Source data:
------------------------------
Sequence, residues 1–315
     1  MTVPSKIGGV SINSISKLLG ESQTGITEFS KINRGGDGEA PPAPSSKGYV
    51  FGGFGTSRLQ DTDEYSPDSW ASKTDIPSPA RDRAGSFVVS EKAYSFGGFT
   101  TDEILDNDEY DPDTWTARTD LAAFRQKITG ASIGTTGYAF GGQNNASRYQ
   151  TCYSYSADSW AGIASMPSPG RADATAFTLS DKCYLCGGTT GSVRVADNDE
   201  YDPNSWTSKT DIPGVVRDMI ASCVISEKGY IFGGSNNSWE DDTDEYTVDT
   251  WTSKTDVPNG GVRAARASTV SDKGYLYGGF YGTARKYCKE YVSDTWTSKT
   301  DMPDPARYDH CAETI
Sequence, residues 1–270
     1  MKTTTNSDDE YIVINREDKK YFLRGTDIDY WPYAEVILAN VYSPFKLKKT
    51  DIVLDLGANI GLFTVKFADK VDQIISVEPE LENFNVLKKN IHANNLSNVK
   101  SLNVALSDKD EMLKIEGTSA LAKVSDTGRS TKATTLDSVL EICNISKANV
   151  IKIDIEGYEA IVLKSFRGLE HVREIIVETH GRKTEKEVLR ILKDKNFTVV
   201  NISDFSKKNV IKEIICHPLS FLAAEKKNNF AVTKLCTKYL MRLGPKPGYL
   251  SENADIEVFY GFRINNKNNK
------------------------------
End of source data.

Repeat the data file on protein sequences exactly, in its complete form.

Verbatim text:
Sequence, residues 1–315
     1  MTVPSKIGGV SINSISKLLG ESQTGITEFS KINRGGDGEA PPAPSSKGYV
    51  FGGFGTSRLQ DTDEYSPDSW ASKTDIPSPA RDRAGSFVVS EKAYSFGGFT
   101  TDEILDNDEY DPDTWTARTD LAAFRQKITG ASIGTTGYAF GGQNNASRYQ
   151  TCYSYSADSW AGIASMPSPG RADATAFTLS DKCYLCGGTT GSVRVADNDE
   201  YDPNSWTSKT DIPGVVRDMI ASCVISEKGY IFGGSNNSWE DDTDEYTVDT
   251  WTSKTDVPNG GVRAARASTV SDKGYLYGGF YGTARKYCKE YVSDTWTSKT
   301  DMPDPARYDH CAETI
Sequence, residues 1–270
     1  MKTTTNSDDE YIVINREDKK YFLRGTDIDY WPYAEVILAN VYSPFKLKKT
    51  DIVLDLGANI GLFTVKFADK VDQIISVEPE LENFNVLKKN IHANNLSNVK
   101  SLNVALSDKD EMLKIEGTSA LAKVSDTGRS TKATTLDSVL EICNISKANV
   151  IKIDIEGYEA IVLKSFRGLE HVREIIVETH GRKTEKEVLR ILKDKNFTVV
   201  NISDFSKKNV IKEIICHPLS FLAAEKKNNF AVTKLCTKYL MRLGPKPGYL
   251  SENADIEVFY GFRINNKNNK